Biden, Jen Psaki & Kamala Harris blasted for ‘hypocritical’ tweets slamming Trump strikes after dropping bombs on Syria

PRESIDENT Joe Biden, Ken Psaki, and Kamala Harris have been accused of hypocrisy in relation to tweets slamming Trump strikes, after dropping bombs on Syria.

The U.S. dropped seven 500-pound Joint Direct Attack Munitions, ( JDAMs) reportedly killing 22, at a crossing used by Iranian-backed militia groups to move weapons across the border.

The attack, which marked Joe Biden’s first military operation, came in the wake of rocket attacks by fanatics on American targets in neighboring Iraq.

The U.S. appeared to be retaliating for a February 15 rocket attack on the American military base at Erbil International Airport – which was later claimed by the Guardians of Blood Brigade.

The violent operation has drawn accusations of double standards, after Twitter users have resurfaced old tweets slamming the Trump administration’s Middle East air strikes.

In one tweet, dating back to 2019, Biden called Donald Trump “erratic” and “impulsive” after he threatened to bomb Iran.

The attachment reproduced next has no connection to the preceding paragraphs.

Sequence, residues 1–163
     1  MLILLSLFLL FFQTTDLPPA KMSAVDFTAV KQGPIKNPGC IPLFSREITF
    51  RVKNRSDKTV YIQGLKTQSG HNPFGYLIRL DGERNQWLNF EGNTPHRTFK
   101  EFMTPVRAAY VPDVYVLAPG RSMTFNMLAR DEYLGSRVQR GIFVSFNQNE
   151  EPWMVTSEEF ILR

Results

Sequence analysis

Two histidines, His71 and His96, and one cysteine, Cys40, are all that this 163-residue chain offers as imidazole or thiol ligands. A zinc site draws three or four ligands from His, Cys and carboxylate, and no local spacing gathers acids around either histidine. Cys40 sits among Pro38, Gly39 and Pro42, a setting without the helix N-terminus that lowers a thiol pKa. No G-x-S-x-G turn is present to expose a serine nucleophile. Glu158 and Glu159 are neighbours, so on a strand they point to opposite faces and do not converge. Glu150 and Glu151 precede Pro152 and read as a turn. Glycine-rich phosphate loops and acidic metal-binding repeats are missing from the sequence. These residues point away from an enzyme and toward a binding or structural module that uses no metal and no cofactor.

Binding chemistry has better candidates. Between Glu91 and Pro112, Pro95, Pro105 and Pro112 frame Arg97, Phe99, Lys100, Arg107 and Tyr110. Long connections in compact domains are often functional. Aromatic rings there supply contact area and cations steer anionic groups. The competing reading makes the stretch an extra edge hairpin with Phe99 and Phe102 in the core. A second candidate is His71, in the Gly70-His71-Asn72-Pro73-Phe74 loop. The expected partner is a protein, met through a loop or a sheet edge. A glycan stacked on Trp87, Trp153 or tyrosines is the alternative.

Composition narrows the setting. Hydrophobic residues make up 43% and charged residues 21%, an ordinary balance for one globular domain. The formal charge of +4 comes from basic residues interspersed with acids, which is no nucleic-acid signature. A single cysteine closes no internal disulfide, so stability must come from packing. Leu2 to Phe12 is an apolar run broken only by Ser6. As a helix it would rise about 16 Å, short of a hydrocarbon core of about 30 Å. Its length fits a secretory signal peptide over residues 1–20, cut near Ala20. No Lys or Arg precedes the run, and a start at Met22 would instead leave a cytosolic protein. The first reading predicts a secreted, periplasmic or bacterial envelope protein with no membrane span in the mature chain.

“No president should order a military strike without fully understanding the consequences,” he wrote.

'We don't need another war in the Middle East, but Trump's actions toward Iran only make that more likely.'

Trump pulled out of the 2019 airstrikes referenced in Biden’s tweet, reportedly changing his mind '10 minutes before the strike,' over fears for civilian casualties.

And another tweet of Biden’s tweets, from October 2019, surfaced in which he once again referred to then-President Trump as 'erratic' and 'impulsive'.

This time, the criticism was over a decision to pull troops from their posts in Syria, where they had been supporting Kurdish allies in the fight against ISIS.

A Turkish invasion was launched infiltrating Kurdish factions, leading to accusations of war crimes, including summary executions.

The ensuing conflict would lead to more than 300,000 being displaced.

When campaigning for the Democratic nomination, Biden told a crowd in Iowa that the Trump administration had “abandoned” Kurdish allies in the region.